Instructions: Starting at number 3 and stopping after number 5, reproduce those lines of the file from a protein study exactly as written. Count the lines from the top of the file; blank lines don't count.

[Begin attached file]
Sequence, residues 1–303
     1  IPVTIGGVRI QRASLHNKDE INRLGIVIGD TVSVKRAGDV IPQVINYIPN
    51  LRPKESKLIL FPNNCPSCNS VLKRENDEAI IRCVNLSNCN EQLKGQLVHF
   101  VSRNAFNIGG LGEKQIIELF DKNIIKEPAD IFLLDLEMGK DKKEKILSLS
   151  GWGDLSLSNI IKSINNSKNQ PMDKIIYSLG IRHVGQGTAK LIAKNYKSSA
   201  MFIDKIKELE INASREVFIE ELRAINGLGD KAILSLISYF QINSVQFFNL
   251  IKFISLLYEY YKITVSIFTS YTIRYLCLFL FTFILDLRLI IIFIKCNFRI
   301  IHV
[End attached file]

    51  LRPKESKLIL FPNNCPSCNS VLKRENDEAI IRCVNLSNCN EQLKGQLVHF
   101  VSRNAFNIGG LGEKQIIELF DKNIIKEPAD IFLLDLEMGK DKKEKILSLS
   151  GWGDLSLSNI IKSINNSKNQ PMDKIIYSLG IRHVGQGTAK LIAKNYKSSA